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Author Topic: Thinking about building a small Diesel DC powerplant  (Read 8456 times)
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« Reply #30 on: June 08, 2010, 11:34:27 PM »

Tom it's difficult to find a 500cc 3 cylinder diesel engine.   Less displacement will equal less fuel burn. 

I have been looking at the Sanden 510 A/C compressor.   I'm trying to find the HP loss that is required to turn it.

The old GM A6 sucked up 8HP.
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« Reply #31 on: June 09, 2010, 03:29:29 PM »

Well today I pulled the trigger on the New Neece/Leville 24 volt 200 amp alternator.   I should have it in my hands tomorrow.  Here are the specs.   

http://www.prestolite.com/pgs_products/specs.php?item_detail_id=25039&item=A0014964PA&product=ALTERNATOR

There are 10 each Surplus units available.   If interested you can email me for the details.   

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« Reply #32 on: June 09, 2010, 05:22:11 PM »

Kevin, that's a one-wire alternator.

If you put two of these charging one bank, they might tend to fight each other.  You should monitor the performance once you get it going to see how they do.

One way to handle this would be to let both alternators charge when the bank is fully depleted, but when the acceptance rate drops below 200 amps, shut one of them down.  Without a clutch or some other mechanism to stop it from spinning, the safe way to disconnect from the batteries would be with a make-before-break double-throw relay that can connect a load, such as a lamp or fan, to the output.  Switching which alternator gets shut down periodically will keep the workloads even.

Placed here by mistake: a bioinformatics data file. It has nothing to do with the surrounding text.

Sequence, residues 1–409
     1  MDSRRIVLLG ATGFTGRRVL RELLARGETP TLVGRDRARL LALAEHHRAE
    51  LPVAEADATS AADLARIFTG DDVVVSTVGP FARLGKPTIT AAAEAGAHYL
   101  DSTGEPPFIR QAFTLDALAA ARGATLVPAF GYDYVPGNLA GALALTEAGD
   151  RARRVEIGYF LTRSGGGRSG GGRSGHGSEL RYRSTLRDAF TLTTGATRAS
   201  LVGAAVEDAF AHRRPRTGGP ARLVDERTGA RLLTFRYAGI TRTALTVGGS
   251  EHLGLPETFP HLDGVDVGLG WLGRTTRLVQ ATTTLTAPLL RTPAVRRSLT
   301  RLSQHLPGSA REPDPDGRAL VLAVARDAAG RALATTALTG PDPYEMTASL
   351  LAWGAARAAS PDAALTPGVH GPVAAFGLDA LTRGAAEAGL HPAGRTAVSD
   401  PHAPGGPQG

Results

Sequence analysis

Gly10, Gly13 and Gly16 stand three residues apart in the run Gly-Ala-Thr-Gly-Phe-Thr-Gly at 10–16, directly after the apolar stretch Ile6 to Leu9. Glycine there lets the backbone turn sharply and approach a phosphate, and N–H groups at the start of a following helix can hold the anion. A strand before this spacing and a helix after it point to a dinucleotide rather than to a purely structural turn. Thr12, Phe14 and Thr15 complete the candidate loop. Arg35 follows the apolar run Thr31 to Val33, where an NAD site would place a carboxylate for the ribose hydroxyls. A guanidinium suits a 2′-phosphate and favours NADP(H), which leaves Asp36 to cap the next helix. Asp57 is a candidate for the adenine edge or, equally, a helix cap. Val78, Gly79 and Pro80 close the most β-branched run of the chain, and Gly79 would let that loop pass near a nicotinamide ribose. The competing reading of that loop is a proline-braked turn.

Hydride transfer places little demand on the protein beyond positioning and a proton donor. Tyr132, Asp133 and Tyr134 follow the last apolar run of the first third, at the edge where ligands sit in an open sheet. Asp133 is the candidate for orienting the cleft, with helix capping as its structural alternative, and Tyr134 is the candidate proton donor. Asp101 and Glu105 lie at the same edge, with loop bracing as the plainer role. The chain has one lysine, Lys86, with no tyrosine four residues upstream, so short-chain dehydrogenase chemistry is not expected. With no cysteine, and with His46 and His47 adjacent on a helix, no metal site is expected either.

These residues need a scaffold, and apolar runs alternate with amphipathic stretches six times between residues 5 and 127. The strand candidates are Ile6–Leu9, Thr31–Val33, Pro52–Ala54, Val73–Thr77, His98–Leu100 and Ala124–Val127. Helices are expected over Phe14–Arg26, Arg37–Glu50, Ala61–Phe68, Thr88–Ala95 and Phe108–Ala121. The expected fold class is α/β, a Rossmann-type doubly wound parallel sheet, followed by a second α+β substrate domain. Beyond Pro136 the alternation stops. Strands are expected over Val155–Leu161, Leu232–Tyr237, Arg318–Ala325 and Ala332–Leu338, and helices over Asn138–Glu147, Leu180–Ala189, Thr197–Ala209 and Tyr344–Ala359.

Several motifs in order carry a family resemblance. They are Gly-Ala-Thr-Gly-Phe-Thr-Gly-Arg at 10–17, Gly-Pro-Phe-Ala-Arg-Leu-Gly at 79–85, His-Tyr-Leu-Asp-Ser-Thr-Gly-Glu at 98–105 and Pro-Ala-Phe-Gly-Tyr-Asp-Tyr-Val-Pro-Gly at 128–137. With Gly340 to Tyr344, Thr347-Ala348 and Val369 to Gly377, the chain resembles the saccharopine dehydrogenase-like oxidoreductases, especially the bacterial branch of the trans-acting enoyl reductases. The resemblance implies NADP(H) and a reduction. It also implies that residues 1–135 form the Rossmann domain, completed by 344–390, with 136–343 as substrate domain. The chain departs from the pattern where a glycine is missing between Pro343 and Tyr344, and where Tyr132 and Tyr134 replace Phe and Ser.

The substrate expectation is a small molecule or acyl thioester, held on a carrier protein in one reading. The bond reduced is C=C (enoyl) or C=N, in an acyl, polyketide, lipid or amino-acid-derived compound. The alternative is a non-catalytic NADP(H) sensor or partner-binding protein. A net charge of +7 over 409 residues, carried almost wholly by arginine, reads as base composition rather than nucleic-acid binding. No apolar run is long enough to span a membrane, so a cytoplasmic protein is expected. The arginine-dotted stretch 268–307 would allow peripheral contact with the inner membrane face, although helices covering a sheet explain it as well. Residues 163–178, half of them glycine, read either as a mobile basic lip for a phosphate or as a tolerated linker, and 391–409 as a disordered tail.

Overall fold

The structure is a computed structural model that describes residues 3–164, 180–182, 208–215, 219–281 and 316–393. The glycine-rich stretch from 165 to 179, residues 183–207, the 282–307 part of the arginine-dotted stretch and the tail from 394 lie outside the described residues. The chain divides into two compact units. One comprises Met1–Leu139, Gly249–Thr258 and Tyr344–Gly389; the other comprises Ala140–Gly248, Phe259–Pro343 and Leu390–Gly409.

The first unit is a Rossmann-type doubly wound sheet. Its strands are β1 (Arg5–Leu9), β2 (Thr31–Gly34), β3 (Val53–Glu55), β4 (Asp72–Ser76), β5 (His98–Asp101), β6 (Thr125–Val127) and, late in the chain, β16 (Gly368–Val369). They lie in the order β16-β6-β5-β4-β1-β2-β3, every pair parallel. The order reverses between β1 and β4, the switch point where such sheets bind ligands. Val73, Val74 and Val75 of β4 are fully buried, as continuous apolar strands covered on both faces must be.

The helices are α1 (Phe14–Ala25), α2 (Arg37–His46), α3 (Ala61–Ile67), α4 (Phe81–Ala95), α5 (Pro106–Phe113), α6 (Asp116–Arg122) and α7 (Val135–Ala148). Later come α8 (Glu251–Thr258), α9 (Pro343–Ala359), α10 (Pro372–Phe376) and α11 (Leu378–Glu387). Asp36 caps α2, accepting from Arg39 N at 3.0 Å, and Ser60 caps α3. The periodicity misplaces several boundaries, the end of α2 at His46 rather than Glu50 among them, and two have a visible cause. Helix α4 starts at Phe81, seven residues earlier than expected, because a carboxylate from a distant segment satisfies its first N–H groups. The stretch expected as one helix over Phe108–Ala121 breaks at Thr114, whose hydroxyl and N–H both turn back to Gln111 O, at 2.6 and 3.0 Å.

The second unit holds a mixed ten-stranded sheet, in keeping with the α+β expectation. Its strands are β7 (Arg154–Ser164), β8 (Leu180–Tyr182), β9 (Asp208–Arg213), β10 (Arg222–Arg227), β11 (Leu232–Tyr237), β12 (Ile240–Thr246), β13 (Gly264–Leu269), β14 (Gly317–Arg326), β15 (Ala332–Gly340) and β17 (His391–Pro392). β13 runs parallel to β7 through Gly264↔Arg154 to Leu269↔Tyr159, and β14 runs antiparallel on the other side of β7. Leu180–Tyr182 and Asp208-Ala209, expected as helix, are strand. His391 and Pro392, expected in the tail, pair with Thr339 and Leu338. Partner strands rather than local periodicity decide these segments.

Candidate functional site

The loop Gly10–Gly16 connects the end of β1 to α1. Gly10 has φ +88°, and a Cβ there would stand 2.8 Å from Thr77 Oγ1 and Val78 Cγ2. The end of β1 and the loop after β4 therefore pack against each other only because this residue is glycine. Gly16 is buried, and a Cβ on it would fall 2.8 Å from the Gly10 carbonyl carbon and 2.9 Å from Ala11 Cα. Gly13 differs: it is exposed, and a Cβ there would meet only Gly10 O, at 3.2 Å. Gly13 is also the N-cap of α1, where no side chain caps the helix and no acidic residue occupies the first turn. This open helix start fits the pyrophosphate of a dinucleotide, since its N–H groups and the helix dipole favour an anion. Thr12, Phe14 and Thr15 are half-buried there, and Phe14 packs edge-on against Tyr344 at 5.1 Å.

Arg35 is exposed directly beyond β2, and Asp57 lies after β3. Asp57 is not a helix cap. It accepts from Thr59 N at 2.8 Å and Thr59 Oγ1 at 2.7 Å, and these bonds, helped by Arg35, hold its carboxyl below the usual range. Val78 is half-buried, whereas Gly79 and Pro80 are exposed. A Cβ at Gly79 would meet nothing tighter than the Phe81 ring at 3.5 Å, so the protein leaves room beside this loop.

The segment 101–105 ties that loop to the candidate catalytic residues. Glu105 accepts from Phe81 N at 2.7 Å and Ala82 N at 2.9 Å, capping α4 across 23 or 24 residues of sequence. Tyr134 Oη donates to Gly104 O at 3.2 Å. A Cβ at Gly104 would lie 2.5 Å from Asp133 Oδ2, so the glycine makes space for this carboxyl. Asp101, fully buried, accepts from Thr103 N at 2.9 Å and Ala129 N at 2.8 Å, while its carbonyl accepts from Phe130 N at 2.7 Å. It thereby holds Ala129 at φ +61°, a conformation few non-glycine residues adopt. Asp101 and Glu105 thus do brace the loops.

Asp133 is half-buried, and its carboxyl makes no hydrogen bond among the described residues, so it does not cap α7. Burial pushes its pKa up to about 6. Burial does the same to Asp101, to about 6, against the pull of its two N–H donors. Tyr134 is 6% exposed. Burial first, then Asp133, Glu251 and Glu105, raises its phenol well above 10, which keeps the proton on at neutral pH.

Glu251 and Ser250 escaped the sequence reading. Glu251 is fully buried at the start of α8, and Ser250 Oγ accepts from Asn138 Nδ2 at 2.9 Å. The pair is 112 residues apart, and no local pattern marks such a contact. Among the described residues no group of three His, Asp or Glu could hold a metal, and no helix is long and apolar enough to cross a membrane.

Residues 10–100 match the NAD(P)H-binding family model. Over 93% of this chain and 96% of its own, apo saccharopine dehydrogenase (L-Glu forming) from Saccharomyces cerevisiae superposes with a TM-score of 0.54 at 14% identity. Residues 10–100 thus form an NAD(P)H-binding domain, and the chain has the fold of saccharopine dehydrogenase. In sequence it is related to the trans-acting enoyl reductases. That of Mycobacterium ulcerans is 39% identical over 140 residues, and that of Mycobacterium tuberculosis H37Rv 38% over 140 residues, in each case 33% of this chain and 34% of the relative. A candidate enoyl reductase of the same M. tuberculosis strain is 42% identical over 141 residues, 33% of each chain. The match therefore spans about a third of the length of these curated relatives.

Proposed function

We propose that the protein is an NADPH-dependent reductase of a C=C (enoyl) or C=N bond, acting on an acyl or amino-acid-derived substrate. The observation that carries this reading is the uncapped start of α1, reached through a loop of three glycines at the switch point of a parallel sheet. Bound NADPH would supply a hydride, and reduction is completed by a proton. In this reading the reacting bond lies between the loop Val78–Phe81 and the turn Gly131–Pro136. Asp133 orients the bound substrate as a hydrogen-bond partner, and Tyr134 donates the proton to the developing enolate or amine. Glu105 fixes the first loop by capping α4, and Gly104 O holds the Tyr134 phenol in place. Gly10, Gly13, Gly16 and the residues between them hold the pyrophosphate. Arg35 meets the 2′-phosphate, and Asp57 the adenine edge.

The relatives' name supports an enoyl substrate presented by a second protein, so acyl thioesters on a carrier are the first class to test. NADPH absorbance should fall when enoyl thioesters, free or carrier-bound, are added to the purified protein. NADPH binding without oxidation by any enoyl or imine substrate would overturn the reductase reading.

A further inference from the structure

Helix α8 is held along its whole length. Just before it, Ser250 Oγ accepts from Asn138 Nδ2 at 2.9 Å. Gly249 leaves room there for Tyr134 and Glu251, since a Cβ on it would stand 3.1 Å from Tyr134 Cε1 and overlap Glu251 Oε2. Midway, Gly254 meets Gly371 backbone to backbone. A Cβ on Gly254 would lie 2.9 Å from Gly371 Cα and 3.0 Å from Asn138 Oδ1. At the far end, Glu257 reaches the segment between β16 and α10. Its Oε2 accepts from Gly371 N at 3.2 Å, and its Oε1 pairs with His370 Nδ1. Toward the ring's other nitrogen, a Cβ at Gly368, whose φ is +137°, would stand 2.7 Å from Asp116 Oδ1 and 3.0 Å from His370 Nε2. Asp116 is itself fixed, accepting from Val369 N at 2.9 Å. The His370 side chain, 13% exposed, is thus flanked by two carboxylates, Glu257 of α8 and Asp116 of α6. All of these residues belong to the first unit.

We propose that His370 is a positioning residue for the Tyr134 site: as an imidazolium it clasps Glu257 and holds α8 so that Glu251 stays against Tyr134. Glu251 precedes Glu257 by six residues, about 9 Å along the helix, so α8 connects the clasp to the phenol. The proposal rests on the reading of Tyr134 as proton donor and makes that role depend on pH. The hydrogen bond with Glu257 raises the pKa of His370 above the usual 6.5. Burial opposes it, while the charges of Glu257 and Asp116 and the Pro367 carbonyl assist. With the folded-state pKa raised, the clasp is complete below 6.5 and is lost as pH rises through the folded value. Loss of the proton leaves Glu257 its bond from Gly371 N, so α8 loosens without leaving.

If you are not worried about the warranty, you could try putting a relay in the field connection from the internal regulator, but from the service manual it does not look easy to get to.

Alternatively, you could break the battery bank into two parts, having each alternator charge half, then combine the outputs of the banks using high-power diodes.  You'd give up .7 of a volt on output, but for a 24-volt system that should not be a big deal.

Depending on the regulators, though, it might work fine as-is.  You might give Prestolite a call and ask for their recommendation.

-Sean
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« Reply #33 on: June 09, 2010, 07:08:17 PM »

Sean,  Thanks for the input.   The plan is for a 8 battery bank.   Per your recommendations each alternator could power up 4  batteries.    How large of a diode would you spec out.   I have a old Pioneer stereo amp that I could rob the massive heat sink from.
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« Reply #34 on: June 09, 2010, 07:29:29 PM »

The plan is for a 8 battery bank.   Per your recommendations each alternator could power up 4  batteries.    How large of a diode would you spec out.


I would first see whether it all "just works" with both alternators connected to one bank; it would be better to keep them together if possible.